There were sighs of relief from students, teachers and education policymakers in England after the government’s long-awaited overhaul of GSCE exams passed off with few hitches and an upturn in the proportion of good grades.
Despite fears that tougher assessments in about 90% of exams would cause difficulties for some, results in England showed an increase in the proportion of 16-year-olds achieving a 4 or C and above to 69.2%, up from 68.7% last year.
The new assessments were designed to be more difficult. In most cases, they dispense with assessed coursework and rely on final exams, graded using a new scale from 9 to 1, which replaces the A* to G grades used since GCSEs were introduced 30 years ago.
The proportion of 16-year-olds attaining grade 7 or A and above rose from 20.9% last year to 21.4%, the highest level for seven years.
“At the top end, it is much more demanding, and the purpose behind the introduction of the new grade scale is to create differentiation. The questions have been designed to be more demanding and stretching at the top end,” said Mark Bedlow, the head of the OCR examination board.
Pupils in England defied forecasts that the introduction of a more challenging top grade – 9 in the new system, requiring a higher mark than an A* – would severely limit the number of students gaining a clean sweep of top honours.
Instead, the exam regulator Ofqual said 732 students who took at least seven reformed GCSEs gained grade 9s in all of them. Schools around the country reported multiple cases of pupils winning nine, or even 10, grade 9s.
Among those who stood out, Freddie Mitchell, a pupil at Kingsdale foundation school in Southwark, south London, achieved 10 grade 9s, four A*s and a grade 8, which he intends to appeal against. Emma Beniston, of Rochester grammar school in Kent, also gained 10 of the new 9 grades along with two As in AS-level exams she took a year early.
But the tougher challenge for high achievers was counterbalanced by greater struggle for those at the other end of scale, especially those forced to resit maths and English under the government’s policy.
The GCSE results for 17-year-olds and over showed a big fall in the resit pass rate in maths, down from 26.5% last year to 23.7%, meaning 137,000 out of 180,000 entries resulted in failure.
Mark Dawe, the head of the Association of Employment and Learning Providers, said the compulsory resit policy was disgraceful and needed to be scrapped and replaced by functional skills tests for the workplace.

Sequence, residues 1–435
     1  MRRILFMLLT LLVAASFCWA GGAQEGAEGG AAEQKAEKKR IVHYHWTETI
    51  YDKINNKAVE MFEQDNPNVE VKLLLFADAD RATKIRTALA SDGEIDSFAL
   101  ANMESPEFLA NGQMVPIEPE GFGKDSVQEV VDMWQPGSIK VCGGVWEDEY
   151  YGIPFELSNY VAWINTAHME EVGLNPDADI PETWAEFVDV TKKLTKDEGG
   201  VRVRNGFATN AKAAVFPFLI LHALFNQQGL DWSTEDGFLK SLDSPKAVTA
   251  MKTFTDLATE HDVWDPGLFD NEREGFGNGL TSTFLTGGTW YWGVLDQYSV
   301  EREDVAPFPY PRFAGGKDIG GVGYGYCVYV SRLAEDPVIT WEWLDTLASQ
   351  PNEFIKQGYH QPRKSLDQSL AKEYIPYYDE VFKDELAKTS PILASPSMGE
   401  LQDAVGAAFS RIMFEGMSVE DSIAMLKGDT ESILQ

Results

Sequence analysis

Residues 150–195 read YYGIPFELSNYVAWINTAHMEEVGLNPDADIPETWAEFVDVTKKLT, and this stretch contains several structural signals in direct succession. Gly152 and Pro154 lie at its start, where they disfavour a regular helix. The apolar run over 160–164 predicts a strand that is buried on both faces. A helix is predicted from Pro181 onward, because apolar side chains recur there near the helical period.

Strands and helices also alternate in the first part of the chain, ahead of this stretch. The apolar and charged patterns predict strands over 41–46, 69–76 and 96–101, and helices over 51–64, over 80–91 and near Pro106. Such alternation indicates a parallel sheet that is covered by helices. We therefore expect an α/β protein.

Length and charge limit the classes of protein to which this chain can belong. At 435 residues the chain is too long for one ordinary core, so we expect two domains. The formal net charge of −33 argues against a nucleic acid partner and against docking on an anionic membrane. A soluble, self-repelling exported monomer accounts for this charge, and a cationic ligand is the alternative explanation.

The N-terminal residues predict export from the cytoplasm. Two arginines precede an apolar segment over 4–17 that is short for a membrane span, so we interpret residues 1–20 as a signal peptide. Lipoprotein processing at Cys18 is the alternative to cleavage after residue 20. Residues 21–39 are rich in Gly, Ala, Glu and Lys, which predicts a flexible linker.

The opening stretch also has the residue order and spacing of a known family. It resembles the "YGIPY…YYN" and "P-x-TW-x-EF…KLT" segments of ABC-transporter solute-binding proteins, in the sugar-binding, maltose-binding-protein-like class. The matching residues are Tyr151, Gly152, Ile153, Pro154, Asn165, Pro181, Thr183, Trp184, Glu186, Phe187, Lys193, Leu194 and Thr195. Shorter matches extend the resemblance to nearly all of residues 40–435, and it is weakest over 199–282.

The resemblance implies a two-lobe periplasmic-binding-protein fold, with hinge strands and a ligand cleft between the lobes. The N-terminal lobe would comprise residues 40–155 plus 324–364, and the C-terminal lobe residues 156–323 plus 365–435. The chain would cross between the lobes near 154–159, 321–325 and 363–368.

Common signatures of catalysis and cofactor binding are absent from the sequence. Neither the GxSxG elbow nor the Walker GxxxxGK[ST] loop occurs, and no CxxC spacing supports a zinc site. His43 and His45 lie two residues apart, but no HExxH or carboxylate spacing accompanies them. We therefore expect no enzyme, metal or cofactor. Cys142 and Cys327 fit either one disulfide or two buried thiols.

“We shouldn’t be subjecting tens of thousands of vulnerable young people to multiple failure and demotivating them for another couple of years. It’s time for the secretary of state to draw a line through this failed policy,” Dawe said.
Nick Gibb, the schools minister, congratulated students on their results and claimed that education standards were rising in England’s state schools “thanks to our reforms and the hard work of teachers”.
The new qualifications had some teething problems. Ofqual said it had intervened to rescue the efforts of more than 2,000 pupils taking the combined science qualification after their schools entered them for the wrong tier of the paper.
The upper tier of combined science was intended to grade those gaining a 4 or above, but uncertainty over which tier to enter resulted in some pupils struggling. They would have been failed but for Ofqual’s decision to award them a 3 instead.
Exam entry data revealed some schools in England were seeking to improve their league table performances by entering pupils a year earlier than normal. Data showed a near 30% increase in the number of 15-year-olds and younger being entered for English literature, part of a trend that is seeing some schools start GCSE courses at year nine or earlier.
Paul Whiteman, the head of the National Association of Head Teachers, said the government’s accountability measures were making schools rush pupils into taking early exams. “This is not a policy focused on what is right for students,” Whiteman said.
The reformed exams in England appeared to favour boys, who made progress in catching up with the results achieved by girls. The effort was especially seen in chemistry, where the gap in the proportion of boys gaining grades 7 or higher shrank from seven percentage points to 1.6%.
But girls retained a clear advantage across the board and were responsible for more than 60% of the entries that gained the higher grade 9.
UK-wide figures for 16-year-olds showed the most improved performance for three years. In all subjects – including GCSEs in Wales and Northern Ireland which retain the A*-G grade – 21.5% of entries gained a grade 7 or A and above, compared with 21.1% last year. And 69.3% of entries gained grade 4 or C and above, compared with 68.9% last year.
In Wales, the exam regulator said this year’s results were difficult to compare with previous years, in part because of its own exam reforms.
“There has been a significant shift in the size and nature of the cohort taking GCSE exams this summer, as well as changes to many of the exams themselves, so it’s not possible to draw any firm conclusions,” said Philip Blaker, the chief executive of Qualifications Wales.
The proportion of candidates of all ages in Wales achieving A* to A rose to 18.5%, but the proportion gaining C or better fell for the second year in a row, to 61.6%.